PH: Hello and welcome to my blog. I'm interested in learning more about you and your work.
|Augustine's first published book|
AS: Well, thank you for having me. My name is Augustine Sam; I am an Italian citizen of African descent. I’m a journalist by profession, a novelist by choice, and as I love to say, a poet by chance. I am a member of the U.K. Chartered Institute of Journalists, formerly special desk editor at ThisDay newspapers, an authoritative third world daily, first published in collaboration with the Financial Times of London. I am the author of Take Back the Memory, a contemporary women’s fiction, recently awarded a 5-star seal by Readers’ Favorite. My poems have been published in two international anthologies: The Sounds of Silence and Measures of the Heart. One of those poems, Anguish & Passion, was adjudged winner of the Editors’ Choice Award in the 1998 North America Open Poetry contest, sponsored by the National Library of Poetry, USA. And on Valentine’s Day this year, my complete collection of poems, Flashes of Emotion, was released.
PH: What do you like most about writing?
AS: What I like most about writing is the opportunity to communicate with people everywhere (which is a big deal for someone who is as introverted as I am), and of course, the freedom to express my thoughts by way of prose or poetry. The truth is, the only time in my life that I really feel alive is when I am writing.
PH: What sorts of things do you like reading?
AS: Actually I like reading all kinds of things, sometimes including even things that put me off.
PH: What's your favorite book?
AS: I have more than one favorite book. Angela’s Ashes by Frank McCourt, for example, is one. The Name of the Rose by Umberto Eco, is another, and The God of Small Things by Arundhati Roy, to mention just three.
|Augustine Sam in Italy|
AS: I had a passion for writing when I was a kid. I remember that while some of my friends kept toys I kept piles of notebooks where I wrote short stories that I invented mainly for the pleasure of my two sisters who, by the way, were my first real fans and readers. Back then, we used to sit by the radio every Thursday evening and listen to the radio theater, which was very entertaining. One day, I told my sisters that I wanted to write a play for the radio. Mercifully, they didn’t dismiss it as an untenable dream. So, I converted one of my short stories into a play and took it to the radio station. The producer of the radio theater, who was used to receiving scripts from Theater Arts students and lecturers from the local university, tried her best to be polite, took the script from me and sent me home.
A week later, I went back to see her, half-expecting to be politely dismissed. I was pleasantly surprised when she told me that she had actually read and enjoyed the script and then scolded me for giving her a script with no phone number or a forwarding address attached. The next Thursday evening, when we sat by the radio and heard the words: “The Breaking Point, a play for radio, written by Augustine Sam,” my sisters and I just looked at one another and started screaming.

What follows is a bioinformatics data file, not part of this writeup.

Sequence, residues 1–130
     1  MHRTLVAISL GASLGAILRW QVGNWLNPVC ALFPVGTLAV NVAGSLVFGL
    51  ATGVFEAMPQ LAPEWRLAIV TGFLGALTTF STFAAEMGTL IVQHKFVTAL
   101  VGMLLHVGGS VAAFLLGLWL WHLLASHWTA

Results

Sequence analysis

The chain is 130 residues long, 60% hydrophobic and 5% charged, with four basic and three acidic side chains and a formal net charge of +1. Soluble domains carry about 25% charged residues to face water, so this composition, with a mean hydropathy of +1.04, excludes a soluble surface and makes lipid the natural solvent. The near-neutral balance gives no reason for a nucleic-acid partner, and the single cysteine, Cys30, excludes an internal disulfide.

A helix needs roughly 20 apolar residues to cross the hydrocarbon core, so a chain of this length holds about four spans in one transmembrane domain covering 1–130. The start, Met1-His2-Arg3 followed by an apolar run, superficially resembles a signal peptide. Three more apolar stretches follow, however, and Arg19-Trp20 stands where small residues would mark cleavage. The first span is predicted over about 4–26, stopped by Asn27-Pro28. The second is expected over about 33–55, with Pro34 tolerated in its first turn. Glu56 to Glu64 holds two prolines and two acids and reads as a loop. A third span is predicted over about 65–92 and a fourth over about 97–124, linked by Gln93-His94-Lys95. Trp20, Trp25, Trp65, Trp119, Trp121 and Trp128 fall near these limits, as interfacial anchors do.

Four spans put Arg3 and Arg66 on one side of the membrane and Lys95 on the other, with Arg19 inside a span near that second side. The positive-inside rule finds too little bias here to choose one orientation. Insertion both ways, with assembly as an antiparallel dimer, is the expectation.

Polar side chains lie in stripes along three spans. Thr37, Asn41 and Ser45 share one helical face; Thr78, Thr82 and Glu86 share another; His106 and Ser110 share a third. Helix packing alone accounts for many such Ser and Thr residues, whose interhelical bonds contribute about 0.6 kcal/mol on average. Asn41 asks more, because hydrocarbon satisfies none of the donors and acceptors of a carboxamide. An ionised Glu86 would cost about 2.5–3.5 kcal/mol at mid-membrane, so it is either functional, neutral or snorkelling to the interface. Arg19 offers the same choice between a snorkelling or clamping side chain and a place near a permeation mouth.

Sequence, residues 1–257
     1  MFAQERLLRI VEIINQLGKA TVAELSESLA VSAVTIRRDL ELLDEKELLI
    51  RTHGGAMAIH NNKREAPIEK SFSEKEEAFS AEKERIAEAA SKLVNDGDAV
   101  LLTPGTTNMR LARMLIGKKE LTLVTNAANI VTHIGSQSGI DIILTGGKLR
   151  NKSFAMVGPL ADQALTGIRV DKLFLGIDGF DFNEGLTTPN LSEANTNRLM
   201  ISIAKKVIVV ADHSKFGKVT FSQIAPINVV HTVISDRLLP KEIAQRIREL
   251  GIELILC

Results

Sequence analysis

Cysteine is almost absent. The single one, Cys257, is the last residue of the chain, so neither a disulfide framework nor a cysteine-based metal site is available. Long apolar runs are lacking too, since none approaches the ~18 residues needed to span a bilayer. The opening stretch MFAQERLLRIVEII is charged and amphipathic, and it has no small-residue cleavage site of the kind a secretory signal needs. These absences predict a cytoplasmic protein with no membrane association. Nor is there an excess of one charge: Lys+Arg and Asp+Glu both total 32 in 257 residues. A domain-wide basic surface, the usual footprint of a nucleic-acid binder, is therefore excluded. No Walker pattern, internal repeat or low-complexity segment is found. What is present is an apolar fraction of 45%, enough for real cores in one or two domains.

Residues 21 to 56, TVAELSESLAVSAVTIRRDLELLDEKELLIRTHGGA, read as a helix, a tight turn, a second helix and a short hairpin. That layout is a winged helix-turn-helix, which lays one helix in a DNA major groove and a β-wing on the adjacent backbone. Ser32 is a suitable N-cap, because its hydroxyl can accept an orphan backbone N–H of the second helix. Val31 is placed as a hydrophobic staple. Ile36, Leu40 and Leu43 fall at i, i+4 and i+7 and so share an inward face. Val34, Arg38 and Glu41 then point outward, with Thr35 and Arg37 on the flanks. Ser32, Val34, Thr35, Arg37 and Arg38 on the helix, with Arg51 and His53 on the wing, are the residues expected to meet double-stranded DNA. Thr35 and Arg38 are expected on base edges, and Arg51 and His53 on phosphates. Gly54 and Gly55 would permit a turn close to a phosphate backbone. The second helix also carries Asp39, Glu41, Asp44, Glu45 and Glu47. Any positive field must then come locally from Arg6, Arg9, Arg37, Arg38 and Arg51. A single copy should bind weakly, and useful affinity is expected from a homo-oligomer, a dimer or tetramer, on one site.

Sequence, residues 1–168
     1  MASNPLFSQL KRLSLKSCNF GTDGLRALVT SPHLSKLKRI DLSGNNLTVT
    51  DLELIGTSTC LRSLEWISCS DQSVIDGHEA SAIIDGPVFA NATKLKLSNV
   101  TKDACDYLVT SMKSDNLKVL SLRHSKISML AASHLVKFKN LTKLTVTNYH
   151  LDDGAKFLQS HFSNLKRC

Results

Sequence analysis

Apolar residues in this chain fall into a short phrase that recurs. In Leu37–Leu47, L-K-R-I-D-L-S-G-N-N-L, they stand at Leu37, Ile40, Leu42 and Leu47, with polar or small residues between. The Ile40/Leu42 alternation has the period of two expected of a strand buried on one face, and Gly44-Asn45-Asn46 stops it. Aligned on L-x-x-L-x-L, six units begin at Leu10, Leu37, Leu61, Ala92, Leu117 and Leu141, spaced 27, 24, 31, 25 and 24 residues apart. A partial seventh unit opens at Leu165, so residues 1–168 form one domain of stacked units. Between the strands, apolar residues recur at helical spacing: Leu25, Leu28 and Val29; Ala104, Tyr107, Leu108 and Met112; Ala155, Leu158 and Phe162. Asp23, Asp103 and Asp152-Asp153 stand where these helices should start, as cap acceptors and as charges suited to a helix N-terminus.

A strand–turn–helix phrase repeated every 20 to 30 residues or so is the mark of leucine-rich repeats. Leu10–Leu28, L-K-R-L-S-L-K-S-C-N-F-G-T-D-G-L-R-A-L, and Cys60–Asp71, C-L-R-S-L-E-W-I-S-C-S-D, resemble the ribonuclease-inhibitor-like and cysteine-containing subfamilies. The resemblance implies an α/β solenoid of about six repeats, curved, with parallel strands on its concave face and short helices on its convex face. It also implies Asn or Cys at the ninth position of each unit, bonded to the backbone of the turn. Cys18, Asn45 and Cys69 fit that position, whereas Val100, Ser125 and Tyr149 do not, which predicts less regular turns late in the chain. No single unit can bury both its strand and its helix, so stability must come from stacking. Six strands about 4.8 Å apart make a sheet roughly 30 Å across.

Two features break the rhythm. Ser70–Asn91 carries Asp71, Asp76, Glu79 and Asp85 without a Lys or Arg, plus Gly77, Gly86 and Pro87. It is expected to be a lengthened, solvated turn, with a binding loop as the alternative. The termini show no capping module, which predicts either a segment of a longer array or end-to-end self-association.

I think what inspired me to write was my first literature textbook in school, which coincidentally, was a novel set in the port city where I grew up. It was the story of a one-eyed, shabby, old man, who spent his days at the harbor contriving different kinds of mischief that enthralled the local population. I had seen him at the harbor a few times when I was a kid. So, reading about him in the literature textbook, triggered my fascination with storytelling and gave me a whole new insight into how the written word can actually capture reality.
PH: What was the scariest thing about publishing your first book?
AS: I suppose the scariest thing was being told that “I had no name,” which in some ways, also explained the constant rejection, to the extent that what eventually became my ‘first published book’ was actually the last one I wrote.
PH: If you could say one thing to a fledgling writer, what would you say?
AS: Invent your style. Listen to everything but take only what is useful to you. Aim at the sky so you might hit the tallest tree.
PH: Do you like to do anything unique to get in the mood to write?
AS: Not really. I just light my pipe and listen to news bulletin on the radio and I’m good to go.
PH: Where can readers go to learn more about you and your work? (social media, buying links, etc.)
|Augustine's newest release|
Twitter handle: @austin_sam001
Facebook Page: http://goo.gl/W7W1Ta
Book trailer: http://goo.gl/2kt6td
Barnes & Noble: http://goo.gl/N6WXJ4
Google Play: http://goo.gl/qZaJsR